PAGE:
- Manual clutch conversion: with the taller gearing, Allert wasn’t happy with the Honda’s stock semi-automatic shifting. He added a clutch lever & cable and converted to a full manual transmission so he could control the amount of slip needed for a smooth start, since “the first gear is now almost as long as the second gear used to be”.
- Revised aerodynamic fairings: to reach his efficiency goals, the aerodynamics of version 2 would have to be better.
Version 2: best tank = 214 mpg (US); average = 199 mpg
The photos below speak for themselves (click to zoom). Allart spent months crafting full length bodywork, divided in two sections. The front half slides forward in a clever setup that allows the rider to get “in” and “out” of the bike fairly easily.
The windshield is less for forward vision than a place to locate the LED turn signals to keep them out of the wind. Allert added signals on the side mirrors as well.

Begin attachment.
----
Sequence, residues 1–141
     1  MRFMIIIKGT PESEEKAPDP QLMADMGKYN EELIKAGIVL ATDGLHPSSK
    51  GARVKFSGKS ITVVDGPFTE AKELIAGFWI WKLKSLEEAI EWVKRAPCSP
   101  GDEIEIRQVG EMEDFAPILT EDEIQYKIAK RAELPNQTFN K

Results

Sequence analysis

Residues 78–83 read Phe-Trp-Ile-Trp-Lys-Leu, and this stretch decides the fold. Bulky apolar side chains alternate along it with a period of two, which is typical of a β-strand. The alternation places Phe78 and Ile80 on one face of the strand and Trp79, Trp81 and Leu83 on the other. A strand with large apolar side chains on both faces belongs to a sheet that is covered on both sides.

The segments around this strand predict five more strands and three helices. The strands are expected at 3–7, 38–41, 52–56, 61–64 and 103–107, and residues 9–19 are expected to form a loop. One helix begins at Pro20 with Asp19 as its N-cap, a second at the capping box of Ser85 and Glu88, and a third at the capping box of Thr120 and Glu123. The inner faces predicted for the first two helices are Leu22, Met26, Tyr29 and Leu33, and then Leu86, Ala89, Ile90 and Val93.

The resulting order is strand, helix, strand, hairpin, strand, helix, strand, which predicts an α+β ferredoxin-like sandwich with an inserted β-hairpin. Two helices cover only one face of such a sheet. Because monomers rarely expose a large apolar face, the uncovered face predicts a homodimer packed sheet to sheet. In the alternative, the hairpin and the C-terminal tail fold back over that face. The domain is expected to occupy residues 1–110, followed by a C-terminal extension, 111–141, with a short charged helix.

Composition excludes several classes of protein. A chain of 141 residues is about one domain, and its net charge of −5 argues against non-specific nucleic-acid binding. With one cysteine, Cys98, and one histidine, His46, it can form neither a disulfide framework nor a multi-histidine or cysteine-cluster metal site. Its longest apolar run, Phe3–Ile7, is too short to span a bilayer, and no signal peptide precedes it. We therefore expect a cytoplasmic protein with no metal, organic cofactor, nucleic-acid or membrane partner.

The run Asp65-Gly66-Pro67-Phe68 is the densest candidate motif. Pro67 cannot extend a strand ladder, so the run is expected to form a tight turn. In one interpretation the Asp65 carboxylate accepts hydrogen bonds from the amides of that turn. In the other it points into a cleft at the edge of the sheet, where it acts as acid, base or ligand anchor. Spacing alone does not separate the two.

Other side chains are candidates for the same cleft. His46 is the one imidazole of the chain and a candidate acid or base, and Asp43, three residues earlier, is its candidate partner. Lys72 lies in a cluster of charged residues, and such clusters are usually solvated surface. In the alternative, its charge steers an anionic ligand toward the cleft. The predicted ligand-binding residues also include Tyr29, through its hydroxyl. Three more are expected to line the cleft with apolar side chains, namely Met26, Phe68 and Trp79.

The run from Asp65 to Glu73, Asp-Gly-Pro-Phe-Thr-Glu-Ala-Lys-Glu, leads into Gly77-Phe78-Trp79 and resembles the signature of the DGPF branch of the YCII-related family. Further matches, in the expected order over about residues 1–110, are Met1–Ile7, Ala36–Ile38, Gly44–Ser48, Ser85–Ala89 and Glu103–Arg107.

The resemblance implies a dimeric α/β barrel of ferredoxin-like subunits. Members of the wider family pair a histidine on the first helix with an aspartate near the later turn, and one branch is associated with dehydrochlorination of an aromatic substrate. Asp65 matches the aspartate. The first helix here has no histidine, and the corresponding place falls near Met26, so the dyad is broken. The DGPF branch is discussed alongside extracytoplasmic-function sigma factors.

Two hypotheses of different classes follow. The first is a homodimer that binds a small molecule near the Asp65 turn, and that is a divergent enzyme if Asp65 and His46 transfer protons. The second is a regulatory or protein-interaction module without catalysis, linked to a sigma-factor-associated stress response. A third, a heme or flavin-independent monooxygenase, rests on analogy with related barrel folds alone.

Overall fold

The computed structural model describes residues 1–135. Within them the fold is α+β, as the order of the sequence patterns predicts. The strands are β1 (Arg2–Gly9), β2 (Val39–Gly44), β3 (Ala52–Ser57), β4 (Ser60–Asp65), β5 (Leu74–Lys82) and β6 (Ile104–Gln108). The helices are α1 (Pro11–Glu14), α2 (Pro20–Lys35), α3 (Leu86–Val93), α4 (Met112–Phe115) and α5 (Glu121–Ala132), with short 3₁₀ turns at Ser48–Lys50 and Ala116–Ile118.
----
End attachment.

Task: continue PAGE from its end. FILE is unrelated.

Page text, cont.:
He’s happy with the stability of the full length fairing compared to the first version: “A 40mph (65 km/h) side wind is no problem,” though more than that he hasn’t experienced yet.
And it works: in cool, windy weather, he managed 214 mpg (US) or 1.1 L / 100 km on a 160 mile (km) round trip. His goal is 235 mpg on a trip cruising at 55 mph (90 km/h). Why 235 mpg? Because its metric equivalent (as is used in the Netherlands) would be a very impressive 1 liter per 100 kilometers.
He expects that’s possible in ideal conditions (warm & calm), though he’s not simply waiting for better weather to accomplish this feat. He notes that the fairing isn’t entirely optimized from an aerodynamic perspective, and is also investigating potential improvements in rolling resistance (by methodologically testing different brands of tires on a custom made test rig).